The Centre of Excellence for Data Sharing and Cloud (CoE-DSC) has completed a case study on the application of Artificial Intelligence (AI) Entity Resolution technology to link records across datasets without exposing the source data. In this case study, our participants Knights Analytics together with Roseman Labs tested the performance of their AI Entity Resolution technology combined with Multi-Party-Computation (MPC) – to improve financial crime detection by enabling banks to generate combined views on transaction patterns and the entities involved. The CoE-DSC presents the report with metrics showing that MPC combined with Entity Resolution limits data exposure while achieving solid performance in comparison with today’s practices. Lastly, the report considers potential implementations of this technology for other sectoral use cases.
AI Entity Resolution has potential to support the combat against financial crime by linking identities across datasets.
Financial crime is a severe problem and combatting it is essential to protect society against harmful effects. (To illustrate, an estimated €2.2 trillion proceeds from activities such as forced prostitution, terrorism, and drug trafficking are laundered yearly worldwide1). Tracking financial crime requires banks to collaborate2 to gain a combined view on actual transaction patterns and involved organisations. To create such a view, records related to organisations need to be linked across datasets from multiple banks. The procedure of matching records to an organisation or a person is called Entity Resolution. It helps to uncover the real-world identity behind the records. For example, using Entity Resolution one can connect affiliations, bank accounts, or beneficial owners to a customer record. With the help of AI, banks can conduct Entity Resolution in an automated, and efficient way when dealing with millions of records, disparate attributes, and absent unique identifiers for matching.
Banks face a dilemma on how to ensure privacy of sensitive data to gain enhanced insights by linking datasets.
Conducting Entity Resolution across banks is hard, since data with sensitive and confidential information cannot be shared directly due to privacy regulations, confidentiality agreements and professional secrecy obligations3. Thus, this analysis needs to be conducted using technologies that minimise the usage of sensitive data while producing meaningful insights in an efficient way.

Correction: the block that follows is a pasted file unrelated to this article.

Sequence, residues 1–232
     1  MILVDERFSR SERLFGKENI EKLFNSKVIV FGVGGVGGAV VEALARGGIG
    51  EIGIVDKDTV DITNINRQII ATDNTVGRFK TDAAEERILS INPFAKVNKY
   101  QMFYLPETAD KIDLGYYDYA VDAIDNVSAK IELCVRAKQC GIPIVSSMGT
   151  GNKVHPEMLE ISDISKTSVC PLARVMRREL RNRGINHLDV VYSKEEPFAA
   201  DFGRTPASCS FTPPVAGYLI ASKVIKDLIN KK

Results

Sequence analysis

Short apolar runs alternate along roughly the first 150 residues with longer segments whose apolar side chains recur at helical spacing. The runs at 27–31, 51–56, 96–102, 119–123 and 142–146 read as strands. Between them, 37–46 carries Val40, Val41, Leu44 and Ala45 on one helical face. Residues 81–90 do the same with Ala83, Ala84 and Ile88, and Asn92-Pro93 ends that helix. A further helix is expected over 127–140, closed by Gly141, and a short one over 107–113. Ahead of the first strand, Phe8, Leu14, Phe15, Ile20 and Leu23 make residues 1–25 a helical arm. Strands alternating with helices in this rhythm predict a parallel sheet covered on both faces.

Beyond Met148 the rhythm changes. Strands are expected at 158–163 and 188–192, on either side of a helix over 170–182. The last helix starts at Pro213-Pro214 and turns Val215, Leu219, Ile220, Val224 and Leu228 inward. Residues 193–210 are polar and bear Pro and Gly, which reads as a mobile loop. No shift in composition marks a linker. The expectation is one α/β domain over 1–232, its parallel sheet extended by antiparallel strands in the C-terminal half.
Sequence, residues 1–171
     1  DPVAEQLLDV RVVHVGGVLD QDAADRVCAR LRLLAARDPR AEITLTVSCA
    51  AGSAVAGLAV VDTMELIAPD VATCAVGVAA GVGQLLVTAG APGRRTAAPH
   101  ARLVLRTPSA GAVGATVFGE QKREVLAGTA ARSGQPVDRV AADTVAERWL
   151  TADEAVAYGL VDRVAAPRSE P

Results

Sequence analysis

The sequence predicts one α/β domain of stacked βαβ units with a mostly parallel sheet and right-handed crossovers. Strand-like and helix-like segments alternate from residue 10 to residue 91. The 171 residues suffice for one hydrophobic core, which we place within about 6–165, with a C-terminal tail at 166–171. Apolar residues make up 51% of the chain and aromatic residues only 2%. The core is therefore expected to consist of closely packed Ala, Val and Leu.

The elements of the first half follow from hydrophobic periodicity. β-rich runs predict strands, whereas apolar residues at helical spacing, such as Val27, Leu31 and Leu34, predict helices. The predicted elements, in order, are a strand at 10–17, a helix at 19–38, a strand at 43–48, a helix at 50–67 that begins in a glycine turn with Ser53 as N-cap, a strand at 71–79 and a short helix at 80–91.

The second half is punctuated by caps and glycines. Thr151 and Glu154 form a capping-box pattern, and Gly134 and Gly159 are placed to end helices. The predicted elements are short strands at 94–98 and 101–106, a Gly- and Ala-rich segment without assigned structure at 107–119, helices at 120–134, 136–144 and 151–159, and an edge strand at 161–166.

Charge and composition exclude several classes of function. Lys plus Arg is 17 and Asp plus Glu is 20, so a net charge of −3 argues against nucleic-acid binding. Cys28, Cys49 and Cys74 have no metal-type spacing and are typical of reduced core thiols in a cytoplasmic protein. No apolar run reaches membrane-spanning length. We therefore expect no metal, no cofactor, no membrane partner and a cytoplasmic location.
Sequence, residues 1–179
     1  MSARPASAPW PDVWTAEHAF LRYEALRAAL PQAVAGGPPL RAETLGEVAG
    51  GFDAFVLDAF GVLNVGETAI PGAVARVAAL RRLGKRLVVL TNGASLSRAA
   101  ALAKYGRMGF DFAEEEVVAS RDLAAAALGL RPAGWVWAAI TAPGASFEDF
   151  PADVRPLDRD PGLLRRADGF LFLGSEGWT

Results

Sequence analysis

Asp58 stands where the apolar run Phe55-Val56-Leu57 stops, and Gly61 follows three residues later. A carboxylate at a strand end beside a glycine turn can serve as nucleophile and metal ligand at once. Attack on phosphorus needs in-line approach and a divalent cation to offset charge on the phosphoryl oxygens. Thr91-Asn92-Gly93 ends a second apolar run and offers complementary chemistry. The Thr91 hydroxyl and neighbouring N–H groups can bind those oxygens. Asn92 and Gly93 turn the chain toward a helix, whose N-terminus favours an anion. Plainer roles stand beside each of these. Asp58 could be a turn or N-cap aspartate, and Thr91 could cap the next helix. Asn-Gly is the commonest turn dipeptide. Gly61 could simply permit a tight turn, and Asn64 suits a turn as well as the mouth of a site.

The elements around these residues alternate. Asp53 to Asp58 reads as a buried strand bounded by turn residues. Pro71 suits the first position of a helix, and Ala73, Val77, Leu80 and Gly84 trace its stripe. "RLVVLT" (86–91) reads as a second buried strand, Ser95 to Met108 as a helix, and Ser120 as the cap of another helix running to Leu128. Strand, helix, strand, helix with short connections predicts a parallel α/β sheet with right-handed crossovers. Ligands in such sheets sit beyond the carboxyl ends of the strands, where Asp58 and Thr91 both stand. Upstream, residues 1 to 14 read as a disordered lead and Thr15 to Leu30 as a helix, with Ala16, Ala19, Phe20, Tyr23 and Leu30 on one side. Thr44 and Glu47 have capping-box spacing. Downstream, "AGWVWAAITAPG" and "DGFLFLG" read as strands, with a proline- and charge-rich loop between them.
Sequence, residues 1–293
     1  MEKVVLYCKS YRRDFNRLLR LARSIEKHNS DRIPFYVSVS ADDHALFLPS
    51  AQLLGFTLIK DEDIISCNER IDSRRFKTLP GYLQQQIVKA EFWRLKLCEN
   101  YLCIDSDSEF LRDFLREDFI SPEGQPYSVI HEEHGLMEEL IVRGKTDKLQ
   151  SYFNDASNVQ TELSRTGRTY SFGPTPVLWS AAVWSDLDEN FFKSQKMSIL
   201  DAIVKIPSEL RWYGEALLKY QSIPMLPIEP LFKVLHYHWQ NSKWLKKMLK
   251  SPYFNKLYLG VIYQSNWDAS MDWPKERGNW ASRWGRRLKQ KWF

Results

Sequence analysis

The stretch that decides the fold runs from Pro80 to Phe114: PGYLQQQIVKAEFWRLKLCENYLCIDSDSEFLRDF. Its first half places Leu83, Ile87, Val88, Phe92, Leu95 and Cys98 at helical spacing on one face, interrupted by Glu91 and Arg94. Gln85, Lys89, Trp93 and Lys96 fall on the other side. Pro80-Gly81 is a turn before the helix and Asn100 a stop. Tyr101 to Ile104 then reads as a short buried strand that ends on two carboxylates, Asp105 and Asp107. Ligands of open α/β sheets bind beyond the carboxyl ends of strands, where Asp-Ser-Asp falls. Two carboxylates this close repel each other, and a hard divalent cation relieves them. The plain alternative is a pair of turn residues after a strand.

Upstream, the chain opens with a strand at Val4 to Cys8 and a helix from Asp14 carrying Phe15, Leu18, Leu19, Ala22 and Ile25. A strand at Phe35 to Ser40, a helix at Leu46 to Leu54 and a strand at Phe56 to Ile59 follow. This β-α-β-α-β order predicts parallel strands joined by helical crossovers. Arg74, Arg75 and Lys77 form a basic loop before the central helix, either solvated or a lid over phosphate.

Entity Resolution with MPC generates insights on transaction patterns of organisations involved without direct data sharing between banks.
Multi-Party Computation (MPC) is an emerging technology in the domain of data sharing, which allows multiple organisations to collaborate on data and gain insights, while keeping all input data private4. Implementing Entity Resolution with MPC can help with combatting financial crime because it enables banks to generate a detailed combined view, without risking exposing privacy-sensitive data5.
Tests show that when combining the Knights Analytics Entity Resolution algorithms with MPC, the Entity Resolution performs well in terms of both quality and scalability.
In this case study the performance assessment of Entity Resolution with MPC was conducted by Knights Analytics on real company data provided by OpenCorporates. In these tests, AI Entity Resolution was first applied in the clear, which served as a baseline for comparing how well the solution performs when combined with MPC. The results show that MPC vastly reduces data exposure, while performing nearly as good as when running the solution without MPC in terms of quality, while also overcoming key scalability challenges in MPC. To achieve this result, data needs to be uniformly pre-processed at each bank, because performing Privacy-Preserving Entity Resolution on the raw data without pre-resolution won’t yield satisfactory performance. See the results’ overview below, more details can be found in the report.
Table 1. Summary of the performance results
Other sectoral use cases can benefit from AI Entity Resolution technology with MPC
Based on this case study, the CoE-DSC developed an assessment framework to discover relevant use cases. For example, the tested technology works well for use cases where obscure records with no unique identifiers need to be linked, and sensitive data is fragmented over multiple parties, Please, read below use cases for child protection, prevention of tax evasion, and detection of insurance fraud, also included in the report.
Table 2. Other sectoral use cases
Findings of this use case
Do you want to learn more about the use case design, insights on the context of the use case and insights on how the use case can be implemented in a scalable way to other use cases with similar roles? Please download our report which includes our most important findings so far.
Do you want to know more about this use case? Or do you have an interesting idea to define and realise new cross-sectoral use cases of data sharing? Please send us an email at email@example.com.
References: 1 World Economic Forum on financial crime 2 European Court of Auditors Report (2021) 3 EBA Confidentiality and Professional Secrecy Assessment Principles (2022) 4 UN Guide on Privacy Enhancing Technologies – Section 2.1. 5 Het Financieele Dagblad on technologies helping collaborate to combat the financial crime (2023)